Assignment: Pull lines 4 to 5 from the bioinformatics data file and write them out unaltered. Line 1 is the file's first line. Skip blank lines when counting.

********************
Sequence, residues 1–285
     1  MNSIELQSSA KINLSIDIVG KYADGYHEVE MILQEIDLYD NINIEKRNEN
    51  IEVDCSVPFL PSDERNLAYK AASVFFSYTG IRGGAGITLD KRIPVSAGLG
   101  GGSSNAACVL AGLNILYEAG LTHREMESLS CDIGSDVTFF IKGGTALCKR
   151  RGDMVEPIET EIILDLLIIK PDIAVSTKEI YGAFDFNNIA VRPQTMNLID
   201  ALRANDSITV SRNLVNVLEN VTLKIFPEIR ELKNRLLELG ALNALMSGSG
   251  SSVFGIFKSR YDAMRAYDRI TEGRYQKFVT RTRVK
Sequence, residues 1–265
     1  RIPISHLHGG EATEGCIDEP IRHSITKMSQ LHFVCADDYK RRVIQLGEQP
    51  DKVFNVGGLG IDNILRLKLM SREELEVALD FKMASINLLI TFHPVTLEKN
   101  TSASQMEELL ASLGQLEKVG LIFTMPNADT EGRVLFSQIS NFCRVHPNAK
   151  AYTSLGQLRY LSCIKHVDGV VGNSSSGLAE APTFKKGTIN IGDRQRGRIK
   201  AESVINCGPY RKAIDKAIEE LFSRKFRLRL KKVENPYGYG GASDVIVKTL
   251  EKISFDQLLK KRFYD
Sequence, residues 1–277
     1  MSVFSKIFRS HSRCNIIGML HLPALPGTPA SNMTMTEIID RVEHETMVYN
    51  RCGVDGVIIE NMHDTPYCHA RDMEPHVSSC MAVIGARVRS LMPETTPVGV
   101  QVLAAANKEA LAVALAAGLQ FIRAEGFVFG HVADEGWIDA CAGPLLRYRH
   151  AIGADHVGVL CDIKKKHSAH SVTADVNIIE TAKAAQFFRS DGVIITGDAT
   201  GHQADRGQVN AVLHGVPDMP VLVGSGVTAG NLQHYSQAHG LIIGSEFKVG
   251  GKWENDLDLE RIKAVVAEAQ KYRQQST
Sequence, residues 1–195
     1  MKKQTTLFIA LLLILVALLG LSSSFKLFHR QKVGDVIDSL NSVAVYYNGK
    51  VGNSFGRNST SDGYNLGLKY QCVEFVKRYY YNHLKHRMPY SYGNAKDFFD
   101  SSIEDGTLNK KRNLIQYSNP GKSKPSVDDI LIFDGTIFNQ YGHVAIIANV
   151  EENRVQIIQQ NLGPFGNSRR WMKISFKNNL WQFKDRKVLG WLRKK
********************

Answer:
   101  GGSSNAACVL AGLNILYEAG LTHREMESLS CDIGSDVTFF IKGGTALCKR
   151  RGDMVEPIET EIILDLLIIK PDIAVSTKEI YGAFDFNNIA VRPQTMNLID